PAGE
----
E-commerce services and digital economy - ADB
In 2003, ADB published its ICT strategy, Toward E-Development in Asia and the Pacific: A Strategic Approach for Information and Communication Technology. The Strategy’s three main goals are to: create an enabling environment through policy improvements, public institution strengthening, and relevant infrastructure provision; build human resources for ICT literacy and professional skills; and develop ICT applications and information content through ADB-supported projects and activities. This aligns with ADB’s Strategy 2020 and Enhanced Poverty Reduction Strategy (2004), which emphasize the importance of investing in a well-planned ICT infrastructure and realigns development efforts towards the achievement of the Millennium Development Goals as well as the national poverty reduction strategies of individual countries.
Between 2000 and 2015, ADB extended 402 ICT-related loans, grants, and technical assistance projects to the value of $11.9 billion to help develop and maintain:
- ICT infrastructure, e.g., telecommunications networks, mobile and wireless networks, broadband cable networks, data centers, last-mile internet connectivity, etc.
- ICT industries, e.g., ICT centers of excellence, research/computer laboratories, ICT-enabled industries such as business process outsourcing, knowledge process outsourcing, software parks, ICT incubators, etc.
- ICT-enabled services, e.g., ICT applications for education, finance, governance, health, etc.
- ICT policy, strategy, and capacity development, e.g., ICT policy and strategy, telecommunications policy reform, universal access and service, ICT road maps (national and local), ICT regulations and laws, ICT skills training and capacity building, etc.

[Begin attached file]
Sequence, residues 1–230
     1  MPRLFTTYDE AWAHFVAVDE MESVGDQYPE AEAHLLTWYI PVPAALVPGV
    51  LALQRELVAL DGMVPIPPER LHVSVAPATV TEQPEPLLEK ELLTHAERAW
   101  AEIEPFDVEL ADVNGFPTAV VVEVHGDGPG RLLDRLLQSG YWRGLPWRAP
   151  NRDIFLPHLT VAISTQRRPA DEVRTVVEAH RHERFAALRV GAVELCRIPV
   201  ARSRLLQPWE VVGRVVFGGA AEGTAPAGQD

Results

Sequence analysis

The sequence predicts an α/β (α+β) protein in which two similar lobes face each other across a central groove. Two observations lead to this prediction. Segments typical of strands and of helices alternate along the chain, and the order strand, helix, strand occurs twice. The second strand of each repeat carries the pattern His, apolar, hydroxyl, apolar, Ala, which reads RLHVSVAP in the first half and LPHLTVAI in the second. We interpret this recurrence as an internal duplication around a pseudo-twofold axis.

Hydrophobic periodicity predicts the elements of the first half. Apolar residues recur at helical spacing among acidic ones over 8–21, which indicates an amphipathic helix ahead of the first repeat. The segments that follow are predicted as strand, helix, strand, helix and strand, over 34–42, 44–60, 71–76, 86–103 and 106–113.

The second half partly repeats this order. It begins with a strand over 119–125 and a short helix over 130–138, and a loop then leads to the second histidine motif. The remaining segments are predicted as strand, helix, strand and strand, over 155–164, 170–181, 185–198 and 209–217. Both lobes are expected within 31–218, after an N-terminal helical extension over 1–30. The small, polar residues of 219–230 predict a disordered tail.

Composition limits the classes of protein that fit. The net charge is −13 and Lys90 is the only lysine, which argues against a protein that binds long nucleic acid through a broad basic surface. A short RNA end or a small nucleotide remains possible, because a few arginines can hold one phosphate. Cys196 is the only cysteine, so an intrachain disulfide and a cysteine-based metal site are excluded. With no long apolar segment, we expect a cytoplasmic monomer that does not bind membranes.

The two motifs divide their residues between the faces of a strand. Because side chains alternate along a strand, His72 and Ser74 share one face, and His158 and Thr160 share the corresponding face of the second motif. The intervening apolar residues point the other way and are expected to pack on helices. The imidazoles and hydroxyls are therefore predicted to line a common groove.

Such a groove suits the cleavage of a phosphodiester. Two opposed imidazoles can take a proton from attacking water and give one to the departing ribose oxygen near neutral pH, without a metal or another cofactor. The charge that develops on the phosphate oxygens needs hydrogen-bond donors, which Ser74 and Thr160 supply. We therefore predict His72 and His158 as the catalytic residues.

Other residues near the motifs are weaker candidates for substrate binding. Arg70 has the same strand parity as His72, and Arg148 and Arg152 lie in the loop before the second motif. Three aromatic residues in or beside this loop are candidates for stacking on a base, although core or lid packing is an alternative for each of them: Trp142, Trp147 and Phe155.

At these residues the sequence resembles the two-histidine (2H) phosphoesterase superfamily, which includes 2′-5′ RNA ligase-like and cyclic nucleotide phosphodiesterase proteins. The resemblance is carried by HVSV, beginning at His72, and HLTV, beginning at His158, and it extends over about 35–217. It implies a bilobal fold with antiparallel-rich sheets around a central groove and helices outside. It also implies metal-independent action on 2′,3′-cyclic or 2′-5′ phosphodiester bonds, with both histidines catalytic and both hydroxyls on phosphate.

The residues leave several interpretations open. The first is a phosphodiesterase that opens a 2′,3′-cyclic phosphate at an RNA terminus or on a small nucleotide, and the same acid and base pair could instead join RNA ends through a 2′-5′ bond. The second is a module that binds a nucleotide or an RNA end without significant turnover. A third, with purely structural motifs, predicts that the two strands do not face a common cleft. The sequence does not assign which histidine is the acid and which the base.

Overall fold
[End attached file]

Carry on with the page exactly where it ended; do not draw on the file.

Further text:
ADB’s ICT operations in the Pacific focus on funding ICT infrastructure through submarine cable projects, developing regulatory capacity, and supporting applications for social services, including e-Health and e-Learning initiatives. For example, the cost of internet access in Tonga fell by 60% in 2013 after completion of the submarine cable system linking Tonga to Fiji - a component of the Pacific Regional Connectivity Project - cofinanced by ADB and the World Bank.
A $150 million loan approved in 2015 for a telecommunications project in Myanmar will narrow the country’s digital divide. The project will help meet Myanmar’s critical need for better nationwide connectivity and affordable third-generation (3G) mobile communications. It will give people more access to basic services by enabling mobile applications for banking, agriculture, and health care.
In 2015, Bai Tushum Bank in the Kyrgyz Republic received a $10 million loan from ADB’s private sector department to extend medium- and long-term financing to micro, small, and medium-sized enterprises (MSMEs). Four years earlier, the Kyrgyz Investment and Credit Bank received a loan for the same amount. It has since more than doubled its number of small and medium-sized enterprise clients and has seen its rural business grow significantly. In addition to expanding access to finance for small businesses, the banks are introducing innovative practices and developing new services that cater to the specific needs of the MSME sector.